Global business travel spending is expected to surge in 2022 with full recovery expected in 2024, according to the Global Business Travel Association (GBTA)’s latest business travel index, an annual study of business travel spending and growth covering 73 countries.
Business travel spending ended 2021 on pace with the 2019 pre-pandemic spend of $1.4 trillion – a year sooner than previously forecast.
Forecasts and analysis highlights from the latest BTI Outlook, include:
- Global business travel activity has started its rebound from the sharp downturn brought about by the COVID-19 pandemic. After declining 53.8% in 2020 to $661 billion, global expenditures are expected to have rebounded 14% in 2021 to $754 billion.
- Despite recovery setbacks in 2021, a year-over-year surge of 38% is expected in 2022, bringing global business travel spending back to over $1 trillion.
- Recovery will continue into 2023, with global spending rising 23% year-over-year as more international and group travel comes back online.
- In 2025, global business travel growth is forecasted to slow to 4.3% – just below the 10-year average growth rate of 5.1% coming into 2020.
“Of any year we’ve issued the BTI Outlook forecast, this one was the most anticipated and it’s no surprise,” said Suzanne Neufang, CEO of GBTA. “The business travel industry recognizes there are factors, related to COVID-19 and beyond, that could impact the road ahead over the coming years. However, there is optimism overall as the industry, companies, and travelers worldwide lean into recovery and the much-needed return to business travel.”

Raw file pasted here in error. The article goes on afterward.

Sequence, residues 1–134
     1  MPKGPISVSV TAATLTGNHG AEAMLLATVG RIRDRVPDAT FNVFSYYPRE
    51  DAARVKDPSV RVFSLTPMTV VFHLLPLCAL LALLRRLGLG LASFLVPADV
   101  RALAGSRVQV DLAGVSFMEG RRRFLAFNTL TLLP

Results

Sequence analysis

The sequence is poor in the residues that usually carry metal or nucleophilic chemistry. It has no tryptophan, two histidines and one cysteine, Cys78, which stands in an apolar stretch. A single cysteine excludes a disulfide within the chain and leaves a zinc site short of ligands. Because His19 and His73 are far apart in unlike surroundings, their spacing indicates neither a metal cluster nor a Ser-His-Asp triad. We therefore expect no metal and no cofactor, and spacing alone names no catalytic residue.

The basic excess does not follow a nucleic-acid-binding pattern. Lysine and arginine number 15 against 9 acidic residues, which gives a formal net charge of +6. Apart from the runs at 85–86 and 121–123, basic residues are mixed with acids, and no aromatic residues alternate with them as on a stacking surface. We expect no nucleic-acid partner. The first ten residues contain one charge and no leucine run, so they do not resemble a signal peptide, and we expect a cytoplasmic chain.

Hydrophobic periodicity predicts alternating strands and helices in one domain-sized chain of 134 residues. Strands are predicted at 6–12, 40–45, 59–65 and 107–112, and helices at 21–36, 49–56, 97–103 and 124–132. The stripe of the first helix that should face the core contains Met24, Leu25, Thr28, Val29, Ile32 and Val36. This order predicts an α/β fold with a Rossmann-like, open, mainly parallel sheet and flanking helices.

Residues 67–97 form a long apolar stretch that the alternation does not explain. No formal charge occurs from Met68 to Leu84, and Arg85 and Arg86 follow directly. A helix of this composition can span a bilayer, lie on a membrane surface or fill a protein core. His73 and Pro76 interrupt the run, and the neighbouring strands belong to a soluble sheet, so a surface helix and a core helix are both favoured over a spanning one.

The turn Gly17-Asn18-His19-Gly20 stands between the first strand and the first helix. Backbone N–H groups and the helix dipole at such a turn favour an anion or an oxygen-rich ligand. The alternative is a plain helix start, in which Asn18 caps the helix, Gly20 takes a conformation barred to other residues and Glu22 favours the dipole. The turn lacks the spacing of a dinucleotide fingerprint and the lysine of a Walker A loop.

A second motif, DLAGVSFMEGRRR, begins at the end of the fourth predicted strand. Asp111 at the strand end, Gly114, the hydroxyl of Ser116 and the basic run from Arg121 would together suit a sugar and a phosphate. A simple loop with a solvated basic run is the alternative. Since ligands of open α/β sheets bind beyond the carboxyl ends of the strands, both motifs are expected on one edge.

According to GBTA’s January poll, two in three travel managers (64%) feel their employees are willing or very willing to travel for business.
However, business travel is expected to look different in the upcoming years. Because fewer employees have been traveling, companies have gotten used to saving money on travel. Employees are now encouraged to bundle visits to multiple clients or events into a single trip, according to GBTA.
“There’s a real drive toward that by global corporations – so, trips may be fewer, but they may be longer,” said Neufang. “So, they’re able to get that quarter’s meetings with fewer trips overall.”
The term “bleisure” travel is becoming a trend; it combines business travel with leisure. Business travelers add days onto the front or back end of their business plans for leisure and relaxing.
In the coming months (and possibly years), business travel will likely still involve vaccine or mask mandates as coronavirus variants come and go, according to GTBA.
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